|Also known as||Round Six|
|Revised Romanization||Ojing-eo Geim|
|Created by||Hwang Dong-hyuk|
|Written by||Hwang Dong-hyuk|
|Directed by||Hwang Dong-hyuk|
|Country of origin||South Korea|
|No. of seasons||1|
|No. of episodes||9 (list of episodes)|
|Running time||32–63 minutes|
|Production company||Siren Pictures Inc.|
|Audio format||Dolby Atmos|
|Original release||September 17, 2021|
Squid Game (Korean: 오징어 게임; RR: Ojing-eo Geim) is a South Korean survival drama television series streaming on Netflix. Written and directed by Hwang Dong-hyuk, it stars Lee Jung-jae, Park Hae-soo, Wi Ha-joon, Jung Ho-yeon, O Yeong-su, Heo Sung-tae, Anupam Tripathi, and Kim Joo-ryoung. The series, distributed by Netflix, was released worldwide on September 17, 2021.
The series revolves around a contest in which 456 players, drawn from different walks of life but each deeply in debt, play a series of children's games for the chance to win a ₩45.6 billion[a] prize, with a deadly penalty if they lose. The name of the series draws from a similarly named Korean children's game. Hwang had conceived of the idea based on his own economic struggles early in life as well as the class disparity in South Korea. Though he had initially written it in 2009, he was unable to find a production company to fund the idea until Netflix took an interest around 2019 as part of their drive to expand their foreign programming offerings. Hwang wrote and directed all nine episodes himself.
Squid Game received critical acclaim and attracted international attention. Within a week of its release, it became one of Netflix's most-watched programs in several regional markets; at launch, it attracted more than 142 million viewers, surpassing 2020's Bridgerton as the network's most-watched series to date.
Seong Gi-hun (played by Lee Jung-jae), a divorced and indebted chauffeur, is invited to play a series of children's games for a chance at a large cash prize. Accepting the offer, he is taken to an unknown location where he finds himself among 456 players who are all deeply in debt. The players are made to wear green tracksuits and are kept under watch at all times by masked guards in pink jumpsuits, with the games overseen by the Front Man, who wears a black mask and black uniform. The players soon discover that losing a game results in their death, with each death adding ₩100 million to the potential ₩45.6 billion grand prize.[a] Gi-hun allies with other players, including his childhood friend Cho Sang-woo, to try to survive the physical and psychological twists of the games.
Cast and characters
Numbers in parentheses denote the character's assigned number in the Squid Game.
- Lee Jung-jae as Seong Gi-hun (성기훈, Korean pronunciation: [sʌŋ gi hun], 456), a divorced chauffeur and a gambling addict. He lives with his mother and struggles to support his daughter financially. He participates in the Game to settle his many debts, and to prove himself financially stable enough to have custody of his daughter, who is to leave for the United States with her mother and step-father.
- Park Hae-soo as Cho Sang-woo (조상우, Korean pronunciation: [tɕo saŋ u], 218), the head of an investment team at a securities company. He was a junior classmate to Gi-hun and was a gifted student who studied at Seoul National University, but is now wanted by the police for stealing money from his clients, racking up 6 billion won in debts.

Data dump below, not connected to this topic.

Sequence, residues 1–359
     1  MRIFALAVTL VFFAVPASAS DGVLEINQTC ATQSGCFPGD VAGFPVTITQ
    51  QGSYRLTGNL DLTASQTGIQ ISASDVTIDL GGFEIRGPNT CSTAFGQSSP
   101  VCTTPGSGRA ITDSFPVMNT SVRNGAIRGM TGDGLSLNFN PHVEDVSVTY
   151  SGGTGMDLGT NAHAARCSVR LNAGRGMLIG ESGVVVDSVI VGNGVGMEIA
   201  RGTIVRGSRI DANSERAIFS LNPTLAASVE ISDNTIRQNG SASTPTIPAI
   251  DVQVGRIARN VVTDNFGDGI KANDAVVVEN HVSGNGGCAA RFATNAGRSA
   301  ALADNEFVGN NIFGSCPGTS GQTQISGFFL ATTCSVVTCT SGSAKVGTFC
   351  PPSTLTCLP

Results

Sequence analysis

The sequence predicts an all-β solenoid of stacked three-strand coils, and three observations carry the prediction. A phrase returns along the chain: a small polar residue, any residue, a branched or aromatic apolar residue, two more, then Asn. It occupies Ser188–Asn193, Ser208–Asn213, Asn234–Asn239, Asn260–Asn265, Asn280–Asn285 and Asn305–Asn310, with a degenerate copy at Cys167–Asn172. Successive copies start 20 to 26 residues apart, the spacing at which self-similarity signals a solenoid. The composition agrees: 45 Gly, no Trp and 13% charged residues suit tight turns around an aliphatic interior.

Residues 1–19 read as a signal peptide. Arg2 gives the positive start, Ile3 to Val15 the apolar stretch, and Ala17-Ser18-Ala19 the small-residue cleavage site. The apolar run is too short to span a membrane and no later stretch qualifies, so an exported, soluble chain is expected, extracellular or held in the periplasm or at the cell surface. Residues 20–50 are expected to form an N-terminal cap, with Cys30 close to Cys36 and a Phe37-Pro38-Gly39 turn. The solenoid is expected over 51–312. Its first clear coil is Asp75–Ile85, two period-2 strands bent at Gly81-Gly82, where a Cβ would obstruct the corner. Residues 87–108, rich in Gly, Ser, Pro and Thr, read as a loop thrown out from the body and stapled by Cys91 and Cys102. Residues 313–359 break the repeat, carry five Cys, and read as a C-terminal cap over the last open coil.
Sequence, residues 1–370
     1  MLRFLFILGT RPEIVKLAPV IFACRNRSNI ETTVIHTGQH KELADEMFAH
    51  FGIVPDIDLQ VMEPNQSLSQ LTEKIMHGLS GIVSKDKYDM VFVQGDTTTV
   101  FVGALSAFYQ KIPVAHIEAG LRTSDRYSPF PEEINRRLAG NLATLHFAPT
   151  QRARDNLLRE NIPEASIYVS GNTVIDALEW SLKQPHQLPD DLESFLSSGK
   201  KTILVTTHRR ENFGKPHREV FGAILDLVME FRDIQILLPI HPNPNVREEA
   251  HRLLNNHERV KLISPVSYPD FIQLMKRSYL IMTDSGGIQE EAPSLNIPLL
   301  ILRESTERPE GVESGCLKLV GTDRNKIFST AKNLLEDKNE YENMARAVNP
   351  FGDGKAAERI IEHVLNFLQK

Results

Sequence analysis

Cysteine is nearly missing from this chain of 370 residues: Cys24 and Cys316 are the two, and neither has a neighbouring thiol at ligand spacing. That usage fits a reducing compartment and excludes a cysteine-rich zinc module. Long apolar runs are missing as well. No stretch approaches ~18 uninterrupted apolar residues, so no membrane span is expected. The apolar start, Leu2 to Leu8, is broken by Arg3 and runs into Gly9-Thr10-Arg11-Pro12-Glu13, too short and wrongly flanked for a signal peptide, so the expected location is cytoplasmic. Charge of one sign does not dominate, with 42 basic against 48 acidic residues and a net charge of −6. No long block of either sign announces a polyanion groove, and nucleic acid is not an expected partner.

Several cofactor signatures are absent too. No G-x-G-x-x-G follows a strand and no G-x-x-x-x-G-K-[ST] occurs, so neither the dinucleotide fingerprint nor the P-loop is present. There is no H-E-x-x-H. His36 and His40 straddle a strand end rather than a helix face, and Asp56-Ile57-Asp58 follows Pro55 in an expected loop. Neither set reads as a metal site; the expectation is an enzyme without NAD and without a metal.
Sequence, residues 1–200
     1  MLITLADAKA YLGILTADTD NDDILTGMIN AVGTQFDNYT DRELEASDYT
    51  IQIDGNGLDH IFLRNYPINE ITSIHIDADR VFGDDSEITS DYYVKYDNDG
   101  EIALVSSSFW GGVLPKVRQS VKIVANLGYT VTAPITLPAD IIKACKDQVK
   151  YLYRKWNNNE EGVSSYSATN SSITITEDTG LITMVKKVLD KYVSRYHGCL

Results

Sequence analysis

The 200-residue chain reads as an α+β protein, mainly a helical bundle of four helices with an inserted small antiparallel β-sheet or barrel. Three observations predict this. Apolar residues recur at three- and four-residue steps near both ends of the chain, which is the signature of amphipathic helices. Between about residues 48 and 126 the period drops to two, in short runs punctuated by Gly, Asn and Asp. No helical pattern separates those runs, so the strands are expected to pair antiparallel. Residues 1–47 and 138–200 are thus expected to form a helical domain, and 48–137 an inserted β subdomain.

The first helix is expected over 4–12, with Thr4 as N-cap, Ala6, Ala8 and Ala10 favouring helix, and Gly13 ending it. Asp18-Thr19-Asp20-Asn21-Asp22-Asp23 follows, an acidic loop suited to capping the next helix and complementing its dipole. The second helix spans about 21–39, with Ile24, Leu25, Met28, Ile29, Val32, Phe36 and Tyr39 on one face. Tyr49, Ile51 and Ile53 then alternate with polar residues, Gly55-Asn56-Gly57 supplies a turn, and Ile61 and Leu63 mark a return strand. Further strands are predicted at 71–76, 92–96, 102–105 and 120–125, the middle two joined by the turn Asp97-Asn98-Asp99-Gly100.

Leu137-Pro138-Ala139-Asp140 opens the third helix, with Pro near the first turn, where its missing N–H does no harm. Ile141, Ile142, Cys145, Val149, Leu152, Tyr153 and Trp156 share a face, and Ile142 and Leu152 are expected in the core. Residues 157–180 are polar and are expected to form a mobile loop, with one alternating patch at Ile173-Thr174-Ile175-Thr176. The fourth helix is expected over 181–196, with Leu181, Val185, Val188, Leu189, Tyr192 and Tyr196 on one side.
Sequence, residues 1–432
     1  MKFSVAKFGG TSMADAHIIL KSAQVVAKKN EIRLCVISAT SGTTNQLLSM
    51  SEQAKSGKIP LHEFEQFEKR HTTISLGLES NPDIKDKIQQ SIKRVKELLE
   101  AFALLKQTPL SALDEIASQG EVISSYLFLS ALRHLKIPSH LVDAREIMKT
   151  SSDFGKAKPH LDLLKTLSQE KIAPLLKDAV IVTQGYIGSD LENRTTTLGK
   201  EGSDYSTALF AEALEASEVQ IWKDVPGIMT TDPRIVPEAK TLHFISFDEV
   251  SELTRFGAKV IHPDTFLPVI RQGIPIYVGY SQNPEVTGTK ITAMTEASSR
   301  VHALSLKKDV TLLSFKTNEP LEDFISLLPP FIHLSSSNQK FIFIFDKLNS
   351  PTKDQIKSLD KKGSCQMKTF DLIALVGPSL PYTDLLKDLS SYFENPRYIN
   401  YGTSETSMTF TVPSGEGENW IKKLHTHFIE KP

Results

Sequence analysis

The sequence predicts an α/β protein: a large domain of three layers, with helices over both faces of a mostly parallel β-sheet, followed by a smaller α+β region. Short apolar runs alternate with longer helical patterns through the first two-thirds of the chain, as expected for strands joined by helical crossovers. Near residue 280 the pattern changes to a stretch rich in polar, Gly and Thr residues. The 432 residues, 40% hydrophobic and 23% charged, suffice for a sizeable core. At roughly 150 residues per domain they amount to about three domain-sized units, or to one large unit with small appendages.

- Wi Ha-joon as Hwang Jun-ho (황준호, Korean pronunciation: [hwaːŋ tɕun ho]), a police officer who sneaks into the Game as a guard to find his missing brother.
- Jung Ho-yeon as Kang Sae-byeok (강새벽, Korean pronunciation: [gaŋ sɛ bjʌk], 067), a North Korean defector who enters the Game to pay for a broker to rescue her parents across the border, and buy a house for her reunited family to live in.
- O Yeong-su as Oh Il-nam (오일남, Korean pronunciation: [o il nam], 001), an elderly man with a brain tumor who prefers playing the Game as opposed to waiting to die in the outside world.
- Heo Sung-tae as Jang Deok-su (장덕수, Korean pronunciation: [dzaŋ dʌk su], 101), a gangster who enters the Game to settle his massive gambling debts, which includes money he stole from his boss and underlings.
- Anupam Tripathi as Abdul Ali (알리, 199), a migrant worker from Pakistan, who enters the Game to provide for his young family after his employer refuses to pay him for months.
- Kim Joo-ryoung as Han Mi-nyeo (한미녀, Korean pronunciation: [han mi njʌ], 212), a loud and manipulative woman who claims to be a poor single mother.
- Yoo Sung-joo as Byeong-gi (111), a doctor who secretly works with a group of corrupt guards to traffic the organs of dead participants in exchange for information on upcoming games.
- Lee Yoo-mi as Ji-yeong (240), a young woman who was just released from prison after killing her abusive father.
- Kim Si-hyun as Player 244, a pastor who rediscovers his faith during the Game.
- Lee Sang-hee as Player 017, a glass-maker with more than 30 years' experience.
- Kim Yun-tae as Player 069, a player who joins the Game with his wife, Player 070.
- Lee Ji-ha as Player 070, a player who joins the Game with her husband, Player 069.
- Kwak Ja-hyoung as Player 278, a player who joins Deok-su's group and acts as his henchman.
- Chris Chan as Player 276, a player who joins Seong Gi-hun's group in the Tug of War round.
- Kim Young-ok as Gi-hun's mother
- Cho Ah-in as Seong Ga-yeong, Gi-hun's daughter
- Kang Mal-geum as Gi-hun's ex-wife and Ga-yeong's mother